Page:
Now of course, if you are making the 2 1/2 hr ferry (or 20min sea plane) journey out to Heron Island, then high on your to do list has to be diving on the reefs. As Heron Island boast some of the world’s most incredible reefs to dive on, along with an absolute abundance of amazing marine life such as turtles, huge manta rays (I saw 4 manta rays on one dive!), black and white tip reef sharks and so many large and small colorful fish, not to mention the migrating humpback whales too. All 20 of the dive spots are just a 5-15 minute boat trip from the Heron Island Jetty. There are huge coral cathedrals, the famous Heron Bommie and more.

It’s a very special place indeed, but don’t just take my word for it though, two of the worlds most respected nature explorers, Jacques Cousteau & Sir David Attenborough rate it as one of their most favourite places on earth. In fact, Sir David Attenborough is so passionate about saving the reef that he has a dedicated site just for it here, with Heron Island featuring prominently.

However you don’t even have to be a qualified diver to experience the spectacular marine life and coral gardens, you can simply snorkel right off the beach near the jetty, out to the wreck or around on North Beach or Shark Bay. The choices are endless. In fact, you will see snorkelers from dawn to well after dusk, depending on tide times. In reality the most dangerous animals you will encounter will be possibly the cone shells, do not pick them up, and of course always wear protective footwear when walking out at low tide.

Aside form the diving and snorkelling there is of course still plenty to do. Make sure you get yourself on a guided reef walk at low tide to learn all about the smaller critters on the reef. Or book into the spa for a little pampering too. For the children there is also a great Junior Rangers program to keep them occupied for a couple hours too. I’d also highly recommend the tour of the Queensland University Research Centre on the island too, they are doing incredible work on the island, in particular studies on protecting the reef, which I will get to shortly.

It is one of the greatest, and most splendid natural treasures that the world possesses

Sir David Attenborough

According to the Australian Bureau of Meteorology, the Great Barrier Reef recorded its hottest-ever average sea surface temperatures for February, March, April, May and June 2016 since records began in 1900.

When combined, this six-month period was also the planet’s warmest half-year on record, with an average air temperature of 1.3 degrees Celsius higher than the late 19th century. June 2016 marked the 14th consecutive month where the monthly global temperature record was broken, the longest such period in the 137-year instrumental temperature record.

Just a couple month ago, ARC Centre of Excellence for Coral Reef Studies completed their report on their aerial surveys for 911 reefs along the Great Barrier Reef

Of all the reefs we surveyed, only 7% (68 reefs) have escaped bleaching entirely. At the other end of the spectrum, between 60 and 100% of corals are severely bleached on 316 reefs, nearly all in the northern half of the Reef

ARC Centre for Coral Reef Studies

At the time of putting this article together, the 2017 G20 Summit was being held where the world’s leaders (minus the POTUS), reaffirmed their commitment to the Paris Climate Agreement, in fact agreeing to aim lower than the 2-degree global average rising temperature target.

In the same week South Australia announced that Elon Musk’s Tesla has committed to building the world’s biggest lithium ion battery to be connected to a wind farm. Plus, Al Gore was also in the country promoting his movie An Inconvenient Sequel as well.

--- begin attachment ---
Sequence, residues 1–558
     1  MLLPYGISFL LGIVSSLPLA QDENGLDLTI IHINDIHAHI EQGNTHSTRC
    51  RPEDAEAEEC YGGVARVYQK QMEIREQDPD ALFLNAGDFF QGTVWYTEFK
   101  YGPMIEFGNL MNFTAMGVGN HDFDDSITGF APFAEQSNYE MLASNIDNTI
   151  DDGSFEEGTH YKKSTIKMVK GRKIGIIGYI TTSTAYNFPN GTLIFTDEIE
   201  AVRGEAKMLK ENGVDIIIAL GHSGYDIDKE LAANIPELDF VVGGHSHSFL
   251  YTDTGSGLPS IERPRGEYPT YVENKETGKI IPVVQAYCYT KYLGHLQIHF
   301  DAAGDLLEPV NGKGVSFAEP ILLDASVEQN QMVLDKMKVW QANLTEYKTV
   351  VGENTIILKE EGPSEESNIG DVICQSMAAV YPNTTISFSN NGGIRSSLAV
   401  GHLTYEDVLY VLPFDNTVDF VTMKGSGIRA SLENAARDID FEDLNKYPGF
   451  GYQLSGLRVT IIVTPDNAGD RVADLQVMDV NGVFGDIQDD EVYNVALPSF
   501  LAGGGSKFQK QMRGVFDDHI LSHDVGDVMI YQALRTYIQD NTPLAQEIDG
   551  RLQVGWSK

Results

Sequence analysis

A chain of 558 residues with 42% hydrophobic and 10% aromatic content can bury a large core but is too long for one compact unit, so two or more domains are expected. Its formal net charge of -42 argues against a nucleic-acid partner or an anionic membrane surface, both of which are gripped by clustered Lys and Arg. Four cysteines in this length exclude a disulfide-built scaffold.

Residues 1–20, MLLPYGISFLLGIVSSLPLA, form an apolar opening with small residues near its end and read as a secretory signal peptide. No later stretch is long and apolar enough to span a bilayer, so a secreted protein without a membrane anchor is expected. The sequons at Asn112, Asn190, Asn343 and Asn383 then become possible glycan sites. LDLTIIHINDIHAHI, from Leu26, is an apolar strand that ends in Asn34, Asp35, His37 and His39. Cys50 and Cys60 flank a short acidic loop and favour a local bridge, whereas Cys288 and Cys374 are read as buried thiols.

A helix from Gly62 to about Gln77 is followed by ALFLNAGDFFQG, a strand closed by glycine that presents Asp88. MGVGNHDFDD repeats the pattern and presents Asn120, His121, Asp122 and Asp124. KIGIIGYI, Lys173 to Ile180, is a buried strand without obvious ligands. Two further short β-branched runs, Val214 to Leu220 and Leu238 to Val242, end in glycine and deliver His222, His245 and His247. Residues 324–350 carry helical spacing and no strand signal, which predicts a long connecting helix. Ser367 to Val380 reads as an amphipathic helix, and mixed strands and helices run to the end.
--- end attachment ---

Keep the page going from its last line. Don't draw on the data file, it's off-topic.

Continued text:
While at the same time the Australian Government was wheeling and dealing with a company called Adani to build Australia’s newest and largest coal mine in Queensland, one of the world’s biggest in fact and one that would require it to unfortunately be shipped out right through the Great Barrier Reef.

In fact, Deloitte recently completed a review to determine the true economic, social and icon asset value of the Great Barrier Reef and concluded that the value was an estimated $56 Billion. The full report can be viewed here.

However, in my view, if you need to communicate to people that the Reef has a $56 Billion value to us, well, then those people are looking at it from totally the wrong perspective. The Reef does not belong to anyone, it’s Earth’s gift to us all. It lies on Australia’s doorstep and as such Australia is it’s guardian, not its owner, Australia needs to lead the protection of it for the world.

We can still do something about this collectively though, its not all doom and gloom. Infact, right on Heron Island at the Research Centre, Professor Ove Hoegh-Guldberg and his team of scientists from the University of Queensland aim to predict the fate of the Great Barrier Reef into the future by subjecting controlled samples of today’s corals to the higher sea temperatures and increased ocean acidity predicted as a result of climate change 100 years from now.

I managed to get a look at the experiment tubs. Their results are eye opening and shocking, it unquestionably shows almost complete loss of the living corals and reef structure. However their experiments also give a faint glimmer of hope too. If we can manage to stick to the Paris Agreement and CO2 emissions can be stabilized and then reduced, then Professor Hoegh-Guldberg’s team and their scenario experiments on the impact of CO2, temperature and water acidity and quality have shown that we can still positively improve the outlook for the Great Barrier Reef, there is still time to save the reef, if we all act now and governments act responsibly for the long term instead of short term political gains.

Heron Island is such a magical place, it really is. I have another follow up blog that will outline my top 20 tips for your stay at the Heron Island Resort. So in the mean time, I really hope this helps to open your eyes as to why we must act now to help protect the reef’s future.

If you would like to find out how you can get involved to help the Reef visit to explore all the great information on there. Another great resource is


Sam LindnerHeron Island | An Underwater Wonderland On The Great Barrier Reef
read more